The Houston-based Brown Foundation is best known as a local funder of primary and secondary public education, visual and performing arts, and services for children and families. However, it just made a splash on the parks and rec scene by committing $3 million to create a 150-mile network of connected parks and trails in Houston.
Brown’s new money is going to the Houston Parks Board in support of Bayou Greenways 2020, which is a giant public-private endeavor. Parks and greenspaces in specific parts of the country have received an increasing amount of attention from funders, lately. Perhaps all those National Park Service centennial celebration ads are spurring some local inspiration. Or maybe it's just the fact that parks often provide a non-controversial way to support the environment without straying too far from home.
As we've noted, such funding is not always without controversy. Some see this funding as granting the wealthy and foundations an outsized role in shaping public spaces. While "Diller Island" in New York City is among the private parks projects that have stirred debate, we haven't seen much backlash to the ambitious Bayou Greenways—perhaps because it's been carefully designed with equity concerns in mind, seeking to connect nearly all of Houston's neighborhoods to accessible greenspace.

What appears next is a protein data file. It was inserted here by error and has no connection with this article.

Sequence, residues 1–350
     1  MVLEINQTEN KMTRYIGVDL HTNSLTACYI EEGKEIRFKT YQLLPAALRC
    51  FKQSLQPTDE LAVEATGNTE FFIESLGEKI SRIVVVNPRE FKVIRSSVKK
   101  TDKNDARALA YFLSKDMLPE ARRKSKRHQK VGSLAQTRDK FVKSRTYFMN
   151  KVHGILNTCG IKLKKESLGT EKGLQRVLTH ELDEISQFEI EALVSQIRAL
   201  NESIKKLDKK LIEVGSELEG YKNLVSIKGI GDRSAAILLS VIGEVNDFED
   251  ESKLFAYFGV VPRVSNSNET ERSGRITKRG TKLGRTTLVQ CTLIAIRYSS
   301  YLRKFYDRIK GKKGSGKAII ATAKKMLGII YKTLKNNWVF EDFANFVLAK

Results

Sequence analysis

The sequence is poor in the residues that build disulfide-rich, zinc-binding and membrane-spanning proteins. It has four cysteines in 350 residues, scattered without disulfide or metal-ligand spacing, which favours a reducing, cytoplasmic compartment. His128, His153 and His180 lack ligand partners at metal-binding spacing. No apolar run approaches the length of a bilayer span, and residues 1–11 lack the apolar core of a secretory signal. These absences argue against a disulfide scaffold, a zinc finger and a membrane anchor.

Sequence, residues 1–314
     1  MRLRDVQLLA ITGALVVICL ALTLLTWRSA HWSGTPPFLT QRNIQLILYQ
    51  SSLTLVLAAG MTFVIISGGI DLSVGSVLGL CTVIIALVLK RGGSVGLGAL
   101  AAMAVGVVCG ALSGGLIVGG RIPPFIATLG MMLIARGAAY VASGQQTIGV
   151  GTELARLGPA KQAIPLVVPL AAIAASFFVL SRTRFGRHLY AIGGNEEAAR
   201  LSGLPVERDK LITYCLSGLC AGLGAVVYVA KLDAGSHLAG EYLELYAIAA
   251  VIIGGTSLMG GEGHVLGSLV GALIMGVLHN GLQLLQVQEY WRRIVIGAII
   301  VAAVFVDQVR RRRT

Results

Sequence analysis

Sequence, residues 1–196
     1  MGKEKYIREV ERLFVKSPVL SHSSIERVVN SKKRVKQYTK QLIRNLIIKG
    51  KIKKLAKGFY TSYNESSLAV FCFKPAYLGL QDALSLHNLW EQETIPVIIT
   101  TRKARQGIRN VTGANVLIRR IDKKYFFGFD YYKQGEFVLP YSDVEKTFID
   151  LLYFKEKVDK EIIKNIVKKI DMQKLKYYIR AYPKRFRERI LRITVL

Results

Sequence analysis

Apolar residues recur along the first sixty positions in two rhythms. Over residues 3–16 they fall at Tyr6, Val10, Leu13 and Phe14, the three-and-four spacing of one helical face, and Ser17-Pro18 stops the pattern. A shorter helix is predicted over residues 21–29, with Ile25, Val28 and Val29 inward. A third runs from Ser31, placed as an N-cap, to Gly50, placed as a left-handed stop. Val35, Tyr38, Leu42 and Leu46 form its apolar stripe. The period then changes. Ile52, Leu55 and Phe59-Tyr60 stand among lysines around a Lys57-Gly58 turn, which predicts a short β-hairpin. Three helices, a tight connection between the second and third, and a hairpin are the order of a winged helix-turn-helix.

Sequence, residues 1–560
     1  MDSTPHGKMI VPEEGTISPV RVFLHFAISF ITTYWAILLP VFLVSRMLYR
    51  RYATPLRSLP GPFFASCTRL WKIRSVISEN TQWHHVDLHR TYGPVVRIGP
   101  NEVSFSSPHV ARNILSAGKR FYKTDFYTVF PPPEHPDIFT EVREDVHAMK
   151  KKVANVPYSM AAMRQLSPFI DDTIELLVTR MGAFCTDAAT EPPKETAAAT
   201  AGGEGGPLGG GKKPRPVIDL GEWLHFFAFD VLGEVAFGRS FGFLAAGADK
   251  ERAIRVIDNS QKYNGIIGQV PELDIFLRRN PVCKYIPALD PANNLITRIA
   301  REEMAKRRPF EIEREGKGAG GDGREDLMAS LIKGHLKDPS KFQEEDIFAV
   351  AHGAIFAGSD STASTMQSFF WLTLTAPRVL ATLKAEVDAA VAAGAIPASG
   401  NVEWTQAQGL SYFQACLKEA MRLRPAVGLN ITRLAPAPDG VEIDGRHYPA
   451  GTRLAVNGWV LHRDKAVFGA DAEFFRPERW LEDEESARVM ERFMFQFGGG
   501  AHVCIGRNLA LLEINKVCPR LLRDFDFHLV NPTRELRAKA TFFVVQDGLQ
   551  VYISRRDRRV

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This isn’t the first time that the Brown Foundation has shown its support for the Houston park project. In fact, it’s contributed over $5.6 million to Bayou Greenways 2020 so far. Brown might not be the most prominent parks funder in Houston, but this big gift showd it's definitely in the game.
In a January 2014 post,we noted that the Kinder Foundation has been a driving force for this project since the beginning. But as we pointed out in our foundation profile, “The Kinders are the Houston parks funders to watch, but that might be about as close as you get. The couple very deliberately limit their accessibility, for now opting to seek out a small number of very large projects.”
On the other hand, the Brown Foundation is far more accessible and transparent, even to the point of accepting unsolicited grant applications with no deadlines. (Hooray for them!) Both foundations give big in Houston, but Brown gives broader and encourages inquiries from grantseekers.
Bayou Greenways isn’t just significant in the city of Houston, but well beyond the state borders, too. In fact, it’s one of the most ambitious park projects in the entire U.S. The Houston Parks Board anticipates the project will transform over 3,000 acres of underutilized bayou land into accessible greenspace. The “big picture” goal, here, is to elevate Houston to one of the top livable cities in the country, and with an estimated 60 percent of Houstonians positioned within a mile and a half of the Bayou Greenway once it’s complete, this $220 million project will have a lot to do with that.
Houston, like much of Texas, has a reputation for gas-guzzling, fume-emitting trucks and SUVs. But when you visit Houston today, you might be surprised to see how prevalent public transportation and bikes really are. Bayou Greenways has gained so much momentum locally that unlikely funders like the Brown Foundation are pitching in to help the parks board reach its fundraising goal and elevate Houston’s city status, which will have all sorts of economic benefits.